Monday, 16 May 2011

Pakistani intelligence, Osama Bin Laden and the Greek debt crisis

Questioning Pakistan's commitment to fighting Islamic extremism is as common as birds chirping in the early hours. Following Bin Laden's capture in the country's Khyber-Pukhtunkhwa province, the soft chirping of birds increased to a squealing reminiscent more of Hitchcock's classic thriller, 'The Birds' than of international diplomacy.
Blaming Pakistan has become a knee jerk reaction for coping with an international failure in Afghanistan. The tactic works well with the American public, especially a few months prior to the formal drawdown of US forces from Afghanistan. 
Clearly, none of the high value fugitives on this list are living in a US metropolitan area: that would imply incompetence or collusion on the part of the US government (a support system of some sort).   
Spare a thought for Pakistan. The international presence in Afghanistan has only served to 'internationalize' the Afghan war into Pakistan. The country's sovereignty is routinely violated by US drone strikes – it is as if international borders or laws of war do not exist. Meanwhile, Pakistan's population shudders with insecurity each time a new 'success' in the war on terror is achieved.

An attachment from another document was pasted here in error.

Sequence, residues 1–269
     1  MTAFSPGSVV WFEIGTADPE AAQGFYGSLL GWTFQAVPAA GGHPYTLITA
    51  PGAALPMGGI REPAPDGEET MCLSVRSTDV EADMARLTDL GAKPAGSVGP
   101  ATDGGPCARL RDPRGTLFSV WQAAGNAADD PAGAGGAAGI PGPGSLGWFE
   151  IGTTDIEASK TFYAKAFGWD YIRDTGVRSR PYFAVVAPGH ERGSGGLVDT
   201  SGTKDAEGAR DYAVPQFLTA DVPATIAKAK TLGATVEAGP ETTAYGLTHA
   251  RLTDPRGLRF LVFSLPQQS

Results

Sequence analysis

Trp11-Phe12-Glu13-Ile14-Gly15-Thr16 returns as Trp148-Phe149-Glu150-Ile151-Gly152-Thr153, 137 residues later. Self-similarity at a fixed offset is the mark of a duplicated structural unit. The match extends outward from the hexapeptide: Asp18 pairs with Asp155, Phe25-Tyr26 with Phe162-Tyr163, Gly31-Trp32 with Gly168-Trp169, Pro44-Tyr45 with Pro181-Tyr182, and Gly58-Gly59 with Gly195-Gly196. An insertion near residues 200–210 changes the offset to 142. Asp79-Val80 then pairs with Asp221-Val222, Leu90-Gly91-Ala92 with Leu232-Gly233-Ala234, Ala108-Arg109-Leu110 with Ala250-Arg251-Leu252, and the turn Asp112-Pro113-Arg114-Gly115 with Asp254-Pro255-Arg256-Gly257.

The easiest target for Islamist revenge is none other than Pakistan.
Pakistanis die with reckless abandon at the hands of those with who the country's intelligence apparatus is supposedly in collusion. The only thanks Pakistan gets for any cooperation – however limited or critical – is public humiliation by international coalition 'partners.'
Surely, Pakistan bears some responsibility for its current mess. The state cannot protect its own officers and functionaries, what to say of the ordinary citizen. The nation has demonstrated an inability to control an unhealthy proliferation of weapons within its borders. The military establishment succumbed to US pressure and allows a large number of American security contractors to roam the country freely.
More to the point, economic development has been at a virtual standstill since Pakistan joined hands with the US in its war on terror. Terrorism thrives in a vicious cycle of cause and effect mired in joblessness and governmental inability to deliver basic services. Whether economic stagnation is cause and terrorism the effect, or vice versa is a moot point.  
Critics of Pakistan ask the obvious question: how could Bin Laden live in the midst of a Pakistani city? Surely, Pakistan's security services are either incompetent or in collusion with Bin Laden and Al-Qaeeda.
When airplanes were flying into New York's Twin Towers did anyone accuse the CIA of incompetence or collusion? Likewise, when the 'underwear bomber' unsuccessfully set off his device on a transatlantic flight, despite a warning to the CIA by the bomber's father, does one claim incompetence or collusion by the CIA?
In hindsight, it is easy to decipher clues and point fingers. However, bureaucracies are not known for their efficiencies. The Pakistani military is good at following orders but even it is still very much a plodding, albeit uniformed, bureaucracy.